Below you will find my collection of Plonka trivia. If you have corrections
or additions please send them! Please include a source, regardless of
Table of Contents:
Plonka: the band
Plonka: the game
Plonka dot com
"What a plonka!"
Plonka: the euphemism - In the news!
Bottle o' Plonk
Plonkas in the old country
Plonka v. Plonka
Comparing Apples and Plonkas
Plonka for Kids
the Plonka sum
There was band named Plonka that released a collection of
christian-oriented rock music called beyondreason on CD in 1997.
The band's guitarist, Tony Award winning actor Scott Waara,
had earlier done a play in the midwest featuring an actress named
Kristen Plonka and had mentioned her unusual surname to the band. Another
member recalled that, based upon the biblical story of David and Goliath,
they named themselves after the imagined sound that the stone made when it
hit the giant in the head.
(Goliath was slain by a smooth stone to his forehead from David's sling.)
source: http://redhare.com/babyrocks/plonka/, Mark White, Big Water Music
There is a drinking game named Plonka which tests your knowledge
of all things alcoholic by challenging you to answer trivia questions
printed on game cards. The boxed game is produced in the UK.
Plonka Internet domain names include:
- Since 1996, Susan Plonka's domain for Plonka Interactive, Plano, Texas.
- Since 1999, Alexander Plonka's domain, Marshall, Virginia.
- Since 2002, Dave Plonka's domain, Madison, Wisconsin.
- Since 2002, Robert Plonka's domain, Slovakia.
- Since 2002, Lavinia Plonka's domain, Asheville, North Carolina.
- Since 2001, Wojciech Plonka's domain.
- Since 2005, Marcin Plonka's domain, Lancut, Poland.
source: whois.networksolutions.com, whois.nic.us, Uwhois.com, etc.
The British and Australians use the term "plonka" as derrogatory slang.
For example, they might say "What a plonka!" in disgust referring
to an inept and annoying person. It means, roughly, a very stupid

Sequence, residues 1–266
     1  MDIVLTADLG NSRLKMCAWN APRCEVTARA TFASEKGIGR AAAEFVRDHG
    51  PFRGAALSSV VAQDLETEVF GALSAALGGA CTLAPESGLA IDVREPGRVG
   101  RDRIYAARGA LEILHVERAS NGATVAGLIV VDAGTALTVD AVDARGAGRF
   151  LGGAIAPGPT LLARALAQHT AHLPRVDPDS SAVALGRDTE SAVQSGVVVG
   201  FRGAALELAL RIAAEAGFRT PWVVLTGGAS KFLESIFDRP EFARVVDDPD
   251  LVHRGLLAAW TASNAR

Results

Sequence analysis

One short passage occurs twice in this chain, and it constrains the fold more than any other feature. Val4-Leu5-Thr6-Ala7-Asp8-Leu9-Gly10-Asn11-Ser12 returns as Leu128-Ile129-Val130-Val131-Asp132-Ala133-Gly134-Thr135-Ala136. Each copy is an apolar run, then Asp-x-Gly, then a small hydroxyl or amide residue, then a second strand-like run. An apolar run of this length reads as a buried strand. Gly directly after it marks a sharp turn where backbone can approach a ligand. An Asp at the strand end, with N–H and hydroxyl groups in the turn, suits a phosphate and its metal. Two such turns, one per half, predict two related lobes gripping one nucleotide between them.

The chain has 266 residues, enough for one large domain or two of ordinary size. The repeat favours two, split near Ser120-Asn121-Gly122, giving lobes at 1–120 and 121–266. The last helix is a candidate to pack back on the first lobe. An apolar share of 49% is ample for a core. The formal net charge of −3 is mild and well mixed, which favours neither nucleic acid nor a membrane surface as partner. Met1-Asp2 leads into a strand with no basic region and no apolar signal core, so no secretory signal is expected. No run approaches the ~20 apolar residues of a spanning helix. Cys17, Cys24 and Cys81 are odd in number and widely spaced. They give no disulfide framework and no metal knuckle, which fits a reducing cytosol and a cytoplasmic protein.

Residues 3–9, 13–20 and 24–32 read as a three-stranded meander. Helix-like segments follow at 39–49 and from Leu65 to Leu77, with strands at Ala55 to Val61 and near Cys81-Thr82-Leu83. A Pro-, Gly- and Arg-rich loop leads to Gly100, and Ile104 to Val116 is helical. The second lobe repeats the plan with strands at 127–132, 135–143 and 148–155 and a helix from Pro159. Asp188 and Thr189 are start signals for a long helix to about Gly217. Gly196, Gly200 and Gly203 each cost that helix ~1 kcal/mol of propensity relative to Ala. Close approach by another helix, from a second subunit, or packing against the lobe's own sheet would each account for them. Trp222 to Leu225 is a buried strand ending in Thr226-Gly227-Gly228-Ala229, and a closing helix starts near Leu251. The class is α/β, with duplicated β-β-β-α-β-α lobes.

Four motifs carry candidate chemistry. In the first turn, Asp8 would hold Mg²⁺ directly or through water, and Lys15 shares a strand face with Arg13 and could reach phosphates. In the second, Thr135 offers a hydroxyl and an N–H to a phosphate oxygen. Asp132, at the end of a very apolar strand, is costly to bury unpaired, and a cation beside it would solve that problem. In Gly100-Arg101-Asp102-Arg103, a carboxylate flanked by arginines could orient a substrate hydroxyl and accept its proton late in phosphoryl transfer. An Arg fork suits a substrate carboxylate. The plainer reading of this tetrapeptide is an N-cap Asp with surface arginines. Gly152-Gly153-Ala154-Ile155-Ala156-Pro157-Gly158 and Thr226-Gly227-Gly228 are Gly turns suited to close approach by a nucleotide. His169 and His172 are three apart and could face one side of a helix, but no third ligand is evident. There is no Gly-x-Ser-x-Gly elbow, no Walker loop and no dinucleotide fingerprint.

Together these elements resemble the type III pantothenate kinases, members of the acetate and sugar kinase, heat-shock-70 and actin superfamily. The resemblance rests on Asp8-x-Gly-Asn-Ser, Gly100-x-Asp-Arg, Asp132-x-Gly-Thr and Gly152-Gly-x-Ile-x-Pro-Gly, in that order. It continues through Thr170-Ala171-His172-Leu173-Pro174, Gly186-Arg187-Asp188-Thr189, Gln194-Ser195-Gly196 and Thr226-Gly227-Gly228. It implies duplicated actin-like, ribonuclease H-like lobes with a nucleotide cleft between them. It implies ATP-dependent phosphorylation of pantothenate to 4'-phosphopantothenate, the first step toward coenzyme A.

person. This appears to be a variation of the more common
term plonker, which is used likewise.
This use seems to have been popularized by the popular British
television sitcom "Only Fools and Horses" (c. 1981 through 1992),
in which the main character Derek "Del Boy" Trotter often referred
to his daft brother Rodney as "a right plonker".
source: many Internet news postings and occasional personal emails from astonished Brits asking if my name is really plonka ;^), e.g. http://www.pissedasafart.com/Juine2002.htm, http://www.thegreycouncil.demon.co.uk/pl_cover.html
According to at least one brit,
for those not familiar with the term, a "fluky plonka" is a very lucky person.
source: Gervase Markham, http://www.gerv.net/writings/advent/page5.html
(Maybe those Brits aren't all bad. ;^)
Some pertinent entries from a British to American translation dictionary:
- plonk noun :
- cheap table wine.
- plonk down verb :
- drop down, as in plop down wearily into a chair, or plonk down money - finally succumb to payment.
- plonker [euphemism for penis] noun :
- idiot, fool, wally.
with the title "I'M PROUD TO BE A PLONKA"
appeared on the "colorful" page 3 of the London newspaper
The humorous item read as follows:
FIRST we gave you Mrs Bonk. Then up popped Mr Twocock. Now meet a man
with a saucy name to match 'em all - It's Mr Plonka!
source: The Sun, Wednesday, September 9, 1987. (Thanks to Alex Plonka.)
Computer expert Vee Plonka, 25, has been suffering with the silly surname
since his schooldays.
And the teasing has trebled since Del Boy's favourite catchphrase "You
PERRLONKER, Rodney" in the hit BBC comedy Only Fools and Horses.
But undaunted Vee declared yesterday: "I'm actually proud to be a Plonka!"
Vee, of Solihull, West Midlands, says his hilarious handle is common in his
father's homeland of Poland.
"There are quite a few Plonkas there. It means apple tree, not slang for a
bloke's private parts, like in Britain," he said.
all my life, and my younger brother Mark changed his name to Lowther.
I'll be sticking with it - though I do get a bit fed up eith people always
bursting out laughing.
What the heck. I'm a Plonka and that's all there is to it."
Vee managed to find a girl willing to become Mrs. Plonka - but Suzanne users
her MAIDEN name for business.
In places such Great Britain, Australia, and even Canada, plonk is a
common slang synonym for wine (often cheap) or booze, as in
"bottle of plonk".
source: many Internet references to plonk and wine, e.g. http://dspace.dial.pipex.com/town/square/fk26/localpast/90au/cann.htm
While one true origin of the Plonka surname may never be found, it has
been said that, in Polish, plon is a word having to do with
wheat, and that plonka is a word for a type of
crab apple tree.